Is it because Jim knows that some of the border guards are paid by the cartels, and that Miguel’s survival depends on his ability to find a safe home in the United States? Is it because the bank is going to auction his ranch in 90 days, he’ll never be able to pay his late wife’s medical bills on time, and his Border Patrol director-in-law (Katheryn Winnick) is too subscribed to pierce the bubble of loneliness that has accumulated around him? Is he just bored? The correct answer is only ever a messy mishmash of these reasons, as “The Marksman” targets a moving target that also has to adapt to certain geriatric action sequences – there are lots of hiding places and several. beats where Jim and Miguel escape from a location just seconds before the villains arrive – and a Terminator-style villain played by “Narcos” actor Juan Pablo Raba. His Mauricio is a walking stereotype who doesn’t realize who he’s dealing with, and his bluster of Anton Chigurh (with the murder of an innocent gas station attendant) only goes so far as to justify the screen time he chews in. course. And when Mauricio takes aim at the dog, well… let’s just say I think Jim Hanson is back.

Between flying bullets and screeching tires, Lorenz struggles to make an unlikely connection between Jim and Miguel, but there isn’t much meat on that particular bone. Perez is an alluring presence, and it’s always fun to watch a brutal old idiot befriend an unhappy kid, but the surrogate dad doesn’t have time to settle down. Miguel first blames Jim for his mother’s death, then – a steak and a shootout later – just doesn’t do it anymore. As easy as it is to appreciate how the kid might have found out the truth about his situation, “The Marksman” removes so many nuances that could have elevated this story above the basic genre.

The character is implied, but rarely studied. Jim steals enough sips of alcohol to raise an eyebrow, and Miguel moans that he “didn’t even want to be in your stupid country,” but none of their injuries and frustrations are explored beyond the action. ‘required. While a pervasive sentiment of “the government needs to get its act together and understand this mess” is encapsulated in the narrative (especially when Jim barks that “the government needs to come together and understand this mess!”), “The Marksman” is too enamored. of its low-rent January aesthetic to make detours to the depths.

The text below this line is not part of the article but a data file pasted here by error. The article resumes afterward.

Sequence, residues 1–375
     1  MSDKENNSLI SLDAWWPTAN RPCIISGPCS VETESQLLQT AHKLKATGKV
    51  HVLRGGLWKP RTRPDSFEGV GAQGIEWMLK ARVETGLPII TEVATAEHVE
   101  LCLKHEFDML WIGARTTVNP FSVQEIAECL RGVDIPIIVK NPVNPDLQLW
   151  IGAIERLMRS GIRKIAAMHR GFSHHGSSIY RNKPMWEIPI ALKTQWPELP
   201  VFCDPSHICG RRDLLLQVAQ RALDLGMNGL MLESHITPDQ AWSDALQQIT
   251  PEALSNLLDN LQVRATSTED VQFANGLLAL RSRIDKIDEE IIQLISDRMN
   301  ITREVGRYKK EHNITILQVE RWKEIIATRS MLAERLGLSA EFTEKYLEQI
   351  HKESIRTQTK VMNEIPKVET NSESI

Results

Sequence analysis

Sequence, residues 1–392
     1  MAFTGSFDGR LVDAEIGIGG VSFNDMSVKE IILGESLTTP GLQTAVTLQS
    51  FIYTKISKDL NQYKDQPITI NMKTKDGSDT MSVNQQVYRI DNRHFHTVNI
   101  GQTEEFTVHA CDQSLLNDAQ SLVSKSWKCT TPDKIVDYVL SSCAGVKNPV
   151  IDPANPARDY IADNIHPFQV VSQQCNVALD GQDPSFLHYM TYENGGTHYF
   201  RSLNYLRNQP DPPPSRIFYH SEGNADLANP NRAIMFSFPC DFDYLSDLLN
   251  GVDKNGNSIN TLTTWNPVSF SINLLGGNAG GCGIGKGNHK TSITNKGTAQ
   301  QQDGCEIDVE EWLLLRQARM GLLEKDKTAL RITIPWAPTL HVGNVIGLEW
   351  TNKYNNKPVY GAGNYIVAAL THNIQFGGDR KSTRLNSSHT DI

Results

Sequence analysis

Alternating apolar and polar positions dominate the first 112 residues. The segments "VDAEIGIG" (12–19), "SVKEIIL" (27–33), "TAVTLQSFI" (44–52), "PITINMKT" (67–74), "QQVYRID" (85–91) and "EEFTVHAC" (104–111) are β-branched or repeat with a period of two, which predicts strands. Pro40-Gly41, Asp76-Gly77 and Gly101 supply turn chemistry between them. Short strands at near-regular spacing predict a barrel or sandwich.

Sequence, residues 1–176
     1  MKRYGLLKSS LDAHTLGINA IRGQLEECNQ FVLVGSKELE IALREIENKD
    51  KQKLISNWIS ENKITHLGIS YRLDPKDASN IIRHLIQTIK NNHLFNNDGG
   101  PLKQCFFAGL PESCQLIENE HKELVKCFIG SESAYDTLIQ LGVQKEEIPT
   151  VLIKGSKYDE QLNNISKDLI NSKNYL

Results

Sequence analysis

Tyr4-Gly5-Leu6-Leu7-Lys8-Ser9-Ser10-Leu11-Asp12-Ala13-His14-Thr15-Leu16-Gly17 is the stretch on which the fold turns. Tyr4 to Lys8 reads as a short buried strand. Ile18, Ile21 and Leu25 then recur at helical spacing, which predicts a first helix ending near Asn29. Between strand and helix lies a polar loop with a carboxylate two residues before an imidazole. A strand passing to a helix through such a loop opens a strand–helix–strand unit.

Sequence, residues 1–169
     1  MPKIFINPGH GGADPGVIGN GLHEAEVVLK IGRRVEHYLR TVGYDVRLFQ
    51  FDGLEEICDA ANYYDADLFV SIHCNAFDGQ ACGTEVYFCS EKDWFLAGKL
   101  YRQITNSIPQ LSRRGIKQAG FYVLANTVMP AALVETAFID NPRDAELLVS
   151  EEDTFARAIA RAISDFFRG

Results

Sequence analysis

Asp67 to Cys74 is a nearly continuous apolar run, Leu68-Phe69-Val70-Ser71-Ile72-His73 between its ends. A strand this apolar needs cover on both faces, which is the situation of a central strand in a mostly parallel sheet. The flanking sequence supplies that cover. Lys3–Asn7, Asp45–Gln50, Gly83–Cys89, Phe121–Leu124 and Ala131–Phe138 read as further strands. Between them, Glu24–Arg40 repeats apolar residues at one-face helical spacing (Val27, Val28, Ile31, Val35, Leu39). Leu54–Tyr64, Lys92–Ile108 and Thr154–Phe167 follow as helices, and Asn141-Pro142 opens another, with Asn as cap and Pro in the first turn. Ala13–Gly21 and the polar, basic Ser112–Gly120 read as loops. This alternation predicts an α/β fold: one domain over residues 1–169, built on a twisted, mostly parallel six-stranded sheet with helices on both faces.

Much like his mentor, Lorenz shoots straight from the hip. The action is clean, the beats are wide, the color palette is muted. There is so little fuss in this movie that any lost moment – like a fast-paced scene in which Mauricio watches a blonde American woman like he’s never been north of the border before – doesn’t attract attention. than on its narrow focus and Redbox ambitions. . Neeson is a good replacement for the haggard soul of a country where people feel the need to take justice into their own hands, but his latest cinematic vendetta is so eager to get where it’s going that it loses all real meaning. of itself. the path. As “The Marksman” fades into its very Eastwoodian finale, Clint’s touch doesn’t look so much like a subtle inspiration as a sort of serious absence.

Grade: C-

Open Road will release “The Marksman” in theaters on Friday, January 15th.

As new films open in theaters during the COVID-19 pandemic, IndieWire will continue to review them whenever possible. We encourage readers to follow the safety precautions provided by the CDC and health authorities. In addition, our coverage will offer alternative viewing options whenever they become available.